Principle 2: Command of the subject (climate know-how)
The company should ensure that its composition is diverse in knowledge, skills, experience and background to make informed decisions based on an awareness and understanding of climate change-related threats and opportunities.
Principle 3: Material risk and opportunity assessment
The company should ensure that management assesses the short-, medium- and long-term impacts of climate-related risks and opportunities for the company on a continuous basis. The company should ensure that the organization’s actions and responses to climate are proportional to the materiality of climate to the company.
Principle 4: Strategic and organizational integration
The company should ensure that climate systemically informs strategic investment
planning and decision-making processes and is integral to the management of risk and opportunities across the organization.
Principle 5: Incentivization
The company should ensure that executive incentives are aligned to promote the long-term prosperity of the company. The company may consider including climate-related indicators in its executive incentive schemes. A similar approach can be undertaken In markets where it is commonplace to extend incentives to non-executive directors.
Getting Up To Speed
Corporate carbon governance can also get up to speed by creating engagement structures and carbon action targets across the organization and supply chain. It is imperative to discover which set of tools works best for an organization today and in its future operations. To tailor their approach, companies can set goals and targets in various areas, including:
- Supplier engagement: Obliging suppliers to set carbon reduction targets. Such targets allow companies to shift responsibility for direct emissions reductions to actors along their supply chain. However, this carbon reduction strategy requires solid supply chain management and structures for monitoring compliance.
- Product/material substitution: Substituting purchased products or materials with lower-emission alternatives is an effective strategy to decrease GHG emissions.
- Primary data availability and quality: This option includes coupling data requests to supply chain partners (via programs like EcoVadis).
- Supply chain and emission hotspots: Rather than improving data quality across the entire supply chain, a focus on significant hotspots may be much more manageable and effective.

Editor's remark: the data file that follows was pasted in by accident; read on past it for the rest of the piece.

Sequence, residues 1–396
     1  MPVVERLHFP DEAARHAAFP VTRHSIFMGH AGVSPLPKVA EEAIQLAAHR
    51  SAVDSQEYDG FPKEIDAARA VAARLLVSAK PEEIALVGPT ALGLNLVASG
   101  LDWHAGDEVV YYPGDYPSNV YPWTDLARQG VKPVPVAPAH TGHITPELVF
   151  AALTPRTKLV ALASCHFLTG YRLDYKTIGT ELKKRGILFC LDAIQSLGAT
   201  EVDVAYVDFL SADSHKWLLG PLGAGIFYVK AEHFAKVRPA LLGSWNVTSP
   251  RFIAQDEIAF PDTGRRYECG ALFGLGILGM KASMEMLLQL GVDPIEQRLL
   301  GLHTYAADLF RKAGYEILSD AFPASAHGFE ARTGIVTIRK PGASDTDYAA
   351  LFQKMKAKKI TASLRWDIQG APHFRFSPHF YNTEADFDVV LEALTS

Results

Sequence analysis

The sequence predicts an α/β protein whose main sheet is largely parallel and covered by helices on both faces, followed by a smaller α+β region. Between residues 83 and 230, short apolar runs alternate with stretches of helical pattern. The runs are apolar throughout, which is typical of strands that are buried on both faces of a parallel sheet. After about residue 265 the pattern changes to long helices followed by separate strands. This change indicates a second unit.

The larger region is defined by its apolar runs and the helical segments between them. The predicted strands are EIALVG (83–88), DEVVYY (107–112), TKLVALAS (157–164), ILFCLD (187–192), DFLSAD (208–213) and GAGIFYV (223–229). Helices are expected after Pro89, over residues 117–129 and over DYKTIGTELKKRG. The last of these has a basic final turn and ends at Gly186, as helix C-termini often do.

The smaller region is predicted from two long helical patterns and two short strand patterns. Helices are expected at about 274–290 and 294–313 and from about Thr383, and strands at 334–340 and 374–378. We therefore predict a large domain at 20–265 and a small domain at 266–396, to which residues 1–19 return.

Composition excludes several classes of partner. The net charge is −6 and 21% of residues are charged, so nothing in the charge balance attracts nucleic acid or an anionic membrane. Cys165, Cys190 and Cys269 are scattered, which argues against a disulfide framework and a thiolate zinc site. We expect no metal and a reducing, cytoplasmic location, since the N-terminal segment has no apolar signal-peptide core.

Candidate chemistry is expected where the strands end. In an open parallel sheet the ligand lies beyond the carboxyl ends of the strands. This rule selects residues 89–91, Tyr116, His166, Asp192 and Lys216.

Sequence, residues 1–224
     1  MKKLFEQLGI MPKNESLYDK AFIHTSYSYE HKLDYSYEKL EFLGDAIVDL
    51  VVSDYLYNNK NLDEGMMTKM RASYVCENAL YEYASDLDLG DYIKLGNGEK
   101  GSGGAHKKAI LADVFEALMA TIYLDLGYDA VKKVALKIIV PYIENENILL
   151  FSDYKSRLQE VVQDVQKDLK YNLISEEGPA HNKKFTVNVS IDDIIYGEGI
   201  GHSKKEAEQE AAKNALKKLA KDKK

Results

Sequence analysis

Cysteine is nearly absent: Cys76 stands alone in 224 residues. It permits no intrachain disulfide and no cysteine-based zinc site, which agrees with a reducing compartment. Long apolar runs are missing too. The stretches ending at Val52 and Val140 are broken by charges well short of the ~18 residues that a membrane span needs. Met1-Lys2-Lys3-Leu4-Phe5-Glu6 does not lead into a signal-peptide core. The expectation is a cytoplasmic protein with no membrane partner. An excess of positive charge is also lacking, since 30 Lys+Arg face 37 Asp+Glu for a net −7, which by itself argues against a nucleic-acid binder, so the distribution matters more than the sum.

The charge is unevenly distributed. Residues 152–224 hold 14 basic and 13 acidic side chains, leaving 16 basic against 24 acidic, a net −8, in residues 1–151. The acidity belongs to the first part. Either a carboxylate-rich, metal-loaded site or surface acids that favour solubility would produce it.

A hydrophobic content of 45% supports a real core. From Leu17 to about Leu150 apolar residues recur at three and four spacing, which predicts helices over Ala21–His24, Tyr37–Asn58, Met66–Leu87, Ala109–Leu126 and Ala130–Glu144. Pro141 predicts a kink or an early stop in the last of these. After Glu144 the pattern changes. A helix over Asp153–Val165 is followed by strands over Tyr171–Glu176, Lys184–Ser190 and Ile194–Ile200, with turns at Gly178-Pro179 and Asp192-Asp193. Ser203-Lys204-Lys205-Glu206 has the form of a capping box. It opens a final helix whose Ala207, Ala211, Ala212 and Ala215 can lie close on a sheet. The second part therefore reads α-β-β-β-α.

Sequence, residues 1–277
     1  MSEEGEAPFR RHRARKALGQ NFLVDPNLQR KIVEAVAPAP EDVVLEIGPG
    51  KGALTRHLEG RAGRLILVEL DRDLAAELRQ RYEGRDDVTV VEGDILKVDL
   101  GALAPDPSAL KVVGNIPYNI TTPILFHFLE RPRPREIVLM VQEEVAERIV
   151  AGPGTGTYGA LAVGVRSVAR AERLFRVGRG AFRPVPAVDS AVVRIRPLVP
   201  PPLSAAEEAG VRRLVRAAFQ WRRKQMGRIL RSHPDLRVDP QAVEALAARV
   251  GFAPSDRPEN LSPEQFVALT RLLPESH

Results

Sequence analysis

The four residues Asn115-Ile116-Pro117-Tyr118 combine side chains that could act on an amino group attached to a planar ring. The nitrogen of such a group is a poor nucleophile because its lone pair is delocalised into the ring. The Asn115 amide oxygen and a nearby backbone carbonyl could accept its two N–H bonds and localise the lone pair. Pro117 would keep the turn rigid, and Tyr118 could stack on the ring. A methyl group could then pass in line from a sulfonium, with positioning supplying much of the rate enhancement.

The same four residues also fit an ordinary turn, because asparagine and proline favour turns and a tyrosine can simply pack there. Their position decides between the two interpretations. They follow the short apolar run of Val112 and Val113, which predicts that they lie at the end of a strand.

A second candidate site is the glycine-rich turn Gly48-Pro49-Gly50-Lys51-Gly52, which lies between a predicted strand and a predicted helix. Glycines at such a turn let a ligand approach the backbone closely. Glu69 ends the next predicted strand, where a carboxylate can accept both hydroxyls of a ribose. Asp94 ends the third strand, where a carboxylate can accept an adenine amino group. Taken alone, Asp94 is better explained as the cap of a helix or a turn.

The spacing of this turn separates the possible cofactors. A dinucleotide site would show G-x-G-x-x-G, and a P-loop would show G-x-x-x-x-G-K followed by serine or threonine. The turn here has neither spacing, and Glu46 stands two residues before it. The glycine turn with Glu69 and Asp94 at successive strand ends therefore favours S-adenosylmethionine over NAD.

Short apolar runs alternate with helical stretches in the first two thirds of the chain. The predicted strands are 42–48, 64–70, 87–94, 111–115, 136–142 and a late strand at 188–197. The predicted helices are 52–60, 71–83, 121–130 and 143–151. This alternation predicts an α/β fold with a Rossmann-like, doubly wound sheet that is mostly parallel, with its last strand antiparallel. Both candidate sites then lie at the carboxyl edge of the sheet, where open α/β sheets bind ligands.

- Internal Carbon Pricing: Develop guidelines to standardize the pricing methodology and define minimum pricing levels for achieving the required carbon reductions.
Carbon Action Solutions
It is evident that effective carbon action requires strong carbon governance within a company’s organizational structure, operations and strategy to manifest substantial GHG reduction and sustainable procurement results. Fortunately, there is no need to reinvent the wheel when it comes to companies looking to create effective carbon action programs. EcoVadis is launching a Carbon Action Module that will allow for easy carbon comparability among all companies while also enabling buyers to understand their supply chain and engage with their suppliers to further reduce carbon emissions.
One of the objectives of the Module’s carbon rating is to evaluate the ability of a company to manage GHG emissions within its supply chain. The carbon rating gauges a company’s maturity in achieving emissions reduction targets: A high maturity rating indicates that the suppliers are applying best practices such as setting sound and aggressive GHG reduction targets, running sophisticated GHG monitoring systems to track their performance, and conducting regular reviews to evaluate progress and make necessary improvements. The Module’s initial product roadmap includes:
- Carbon ratings and scorecards that rate suppliers based on carbon and GHG emissions performance and help prioritize suppliers that will make the most significant impact based on carbon and GHG emission reduction potential. A precursor to the carbon scorecard, the “carbon maturity assessment KPI bundle”, is already being deployed by EcoVadis’ pioneer customers. Based on data in the existing EcoVadis Scorecard, this KPI bundle enables buyers to baseline supplier GHG and carbon management systems and provides guidance for performance improvement.
- A carbon calculator that enables assessed organizations to measure both their direct and indirect carbon footprints.
- Enhanced CSR metrics that expand the data collection tools required to capture the depth and breadth needed for the Carbon Action Module.
About the AuthorMore Content by Matteo Berger